I just finished reading an article by my friend Dr. Neill Neill that really grabbed my attention. His article is Help Your Kids Grow, and Then Let Them Go. What really hit home for meis the importance of letting your children make their own mistakes and don’t fall into the trap of trying to protect them and gain control as they get older. They will natually rebel. Ideally as our children grow we should grow with them our relationships needs to become more supportive and encouraging. This can be very hard and I want to help and protect my kids.
As a parent with two great young children I have the natural tendancy to want to protect them. I see my son who is four years old growing up before my eyes. When I try to help him, many times he retorts, "I can do it myself". Wow I just say to myself. I really need to learn to back off a bit and be more encouraging. It is important as he grows I become more of a coach and more intune with his emotional growth. As I reflect on the article and my own family, it is apparent the need to build a trusting relationship with my kids early on, and to teach children responsibility and accountability for their actions. If someone is overprotective and hinders their child’s growth, it is going to become very difficult later in life for that child to succeed. If a parent does not recognize that their parenting approach needs to change as their child changes there may be a lot of resentment and hostility in the child’s teenage years when they natually become more independant. I never thought I would be so overprotective, I just don't want my kids to make the same mistakes as I did.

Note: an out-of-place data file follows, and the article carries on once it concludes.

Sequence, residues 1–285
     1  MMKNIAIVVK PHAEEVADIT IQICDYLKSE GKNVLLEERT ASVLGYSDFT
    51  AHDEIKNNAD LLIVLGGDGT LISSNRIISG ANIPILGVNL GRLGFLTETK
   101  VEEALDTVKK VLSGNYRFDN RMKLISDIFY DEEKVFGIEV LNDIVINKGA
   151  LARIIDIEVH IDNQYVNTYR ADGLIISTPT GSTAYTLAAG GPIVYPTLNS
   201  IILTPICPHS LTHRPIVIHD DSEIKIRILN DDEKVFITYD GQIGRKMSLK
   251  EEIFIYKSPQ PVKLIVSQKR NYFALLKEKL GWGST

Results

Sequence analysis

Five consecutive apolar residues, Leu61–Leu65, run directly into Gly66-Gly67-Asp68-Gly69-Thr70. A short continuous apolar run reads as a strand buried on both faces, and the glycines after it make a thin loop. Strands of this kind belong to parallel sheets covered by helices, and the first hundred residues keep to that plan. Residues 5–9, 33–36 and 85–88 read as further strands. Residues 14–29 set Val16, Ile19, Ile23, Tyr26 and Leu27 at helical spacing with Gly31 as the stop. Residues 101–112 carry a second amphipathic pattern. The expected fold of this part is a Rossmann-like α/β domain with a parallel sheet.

The best thing a parent can do is install good values in their children early in life, and the best way to teach them is through living by example. Children tend to emulate and immitate the actions of their parents, I can already see this in my young son. The best advice I can give myself in this night of reflection is not only to talk the talk but walk the walk and set an example that my sons will carry through with them into their adult life. That is the best any parent can hope for.
"Finally! You Can Stop Lecturing, Scolding, Pushing And Prodding And Start Getting The Results You Want . . . Once You Learn This Long Forgotten Secret!" Find out more in Martha Stevens, mother of five, book